Author: Whitley, 1929
Requiem sharks with long, parabolic or subangular snouts, small, wide-spaced nostrils, no spiracles, labial furrows varying from short and confined to mouth corners to rather long but falling behind eyes, fairly large eyes, oblique- and narrow-cusped small teeth in both jaws, these with distal blades and serrations variably present or absent but without cusplets, no keels on caudal peduncle, transverse crescentic precaudal pits, second dorsal fin 1/3 height of first or less, second dorsal origin far behind anal origin and about opposite its insertion, anal fin with elongated preanal ridges and a straight or slightly concave posterior margin.
Body fairly slender to moderately stout. Head fairly broad, only moderately depressed, not trowel-shaped; snout narrowly to broadly parabolic or obtusely wedge-shaped in dorsoventral view, long, with preoral length greater than internarial space and mouth width; eyes rather large, without notches; spiracles absent; no papillose gillrakers on internal gill openings; nostrils small, internarial space about 3 to 5 times the nostril width; anterior nasal flaps very short, narrowly triangular, and not tubular; labial furrows short to rather long, with uppers shorter or longer than lowers falling far behind eyes; teeth similar in upper and lower jaws, anteroposteriors with slender oblique cusps and distal blades but no cusplets; serrations variably developed; cusps of lower teeth not prominently protruding when mouth is closed; 25 to 28/24 to 28 rows of teeth. Interdorsal ridge absent or rudimentary; no dermal keels present on caudal peduncle; upper precaudal pit transverse and crescentic. First dorsal origin usually over pectoral inner margins but sometimes slightly behind their rear tips, its midbase about equidistant between pectoral and pelvic bases or closer to the pectorals, and free rear tip usually anterior to pelvic origins but occasionally over them; second dorsal fin much smaller than first, its height 1/3 first dorsal height or less, its origin about over anal insertion; pectoral fins moderately broad and triangular, slightly falcate, pectoral length from origin to free rear tip 2/5 to 4/5 of pectoral anterior margin; pectoral origins varying from below third to below fourth gill slits; anal considerably larger than second dorsal, with very long preanal ridges and a straight or slightly concave posterior margin. Colour light grey, yellowish or brownishgrey above, without a colour pattern. Small sharks, adults not exceeding 1.3 to 1.5 m and most smaller than 1 m.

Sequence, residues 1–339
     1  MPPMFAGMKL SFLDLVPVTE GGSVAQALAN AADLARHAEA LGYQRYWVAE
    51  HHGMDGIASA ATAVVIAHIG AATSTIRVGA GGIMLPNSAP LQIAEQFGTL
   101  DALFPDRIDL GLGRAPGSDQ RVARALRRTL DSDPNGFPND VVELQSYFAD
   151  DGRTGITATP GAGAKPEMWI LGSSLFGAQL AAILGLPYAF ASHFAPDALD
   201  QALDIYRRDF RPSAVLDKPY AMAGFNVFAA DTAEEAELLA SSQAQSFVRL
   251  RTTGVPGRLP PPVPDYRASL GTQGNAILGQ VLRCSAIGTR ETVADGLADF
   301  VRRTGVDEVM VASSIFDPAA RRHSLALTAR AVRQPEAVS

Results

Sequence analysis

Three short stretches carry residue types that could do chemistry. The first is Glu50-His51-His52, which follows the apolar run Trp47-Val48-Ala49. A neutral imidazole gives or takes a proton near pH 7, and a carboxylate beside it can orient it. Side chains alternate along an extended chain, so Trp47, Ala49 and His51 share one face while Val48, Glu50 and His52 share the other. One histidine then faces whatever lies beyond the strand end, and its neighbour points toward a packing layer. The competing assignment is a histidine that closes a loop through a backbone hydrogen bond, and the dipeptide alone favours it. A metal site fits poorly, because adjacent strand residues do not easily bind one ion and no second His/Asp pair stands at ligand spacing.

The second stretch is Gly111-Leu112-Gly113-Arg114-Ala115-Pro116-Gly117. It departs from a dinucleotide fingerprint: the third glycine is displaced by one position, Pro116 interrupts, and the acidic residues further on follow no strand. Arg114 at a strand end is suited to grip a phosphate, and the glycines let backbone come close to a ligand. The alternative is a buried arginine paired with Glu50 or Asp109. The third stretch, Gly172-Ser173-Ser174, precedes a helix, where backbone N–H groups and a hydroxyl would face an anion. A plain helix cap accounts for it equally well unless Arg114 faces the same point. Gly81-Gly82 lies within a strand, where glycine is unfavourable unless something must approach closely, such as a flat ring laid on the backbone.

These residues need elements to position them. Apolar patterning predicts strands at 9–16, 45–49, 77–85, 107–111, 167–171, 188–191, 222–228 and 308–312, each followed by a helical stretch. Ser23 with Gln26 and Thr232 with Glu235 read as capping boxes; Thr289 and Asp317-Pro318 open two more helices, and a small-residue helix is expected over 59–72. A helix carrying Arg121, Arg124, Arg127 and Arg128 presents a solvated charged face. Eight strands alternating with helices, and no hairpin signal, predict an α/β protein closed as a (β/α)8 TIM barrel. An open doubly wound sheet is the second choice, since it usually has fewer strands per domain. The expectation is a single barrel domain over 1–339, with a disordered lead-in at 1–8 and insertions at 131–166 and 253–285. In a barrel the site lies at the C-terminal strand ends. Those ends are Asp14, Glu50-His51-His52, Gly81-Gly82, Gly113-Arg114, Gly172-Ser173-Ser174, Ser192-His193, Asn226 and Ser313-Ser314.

The arrangement of this genus follows V. Springer (1964) in most details, except that tile subgenus Protozygaena is not recognized (see Compagno, 1979 for a discussion of the classification and nomenclature of Rhizoprionodon and Protozygaena). Most of the species in Rhizoprionodon were formerly placed in Scoliodon, but the latter name is restricted to the very distinct S. laticaudus. The list of species recognized below is provisional. Particularly, the allopatric species pairs R. oligolinx- taylori and R. terraenovae-porosus are not sharply distinguished and may represent in each case clinal variation within a single wide-ranging species (Compagno, 1979). F. Sotelo (pers. comm.) is working on this problem in R. Terraenovae-porosus.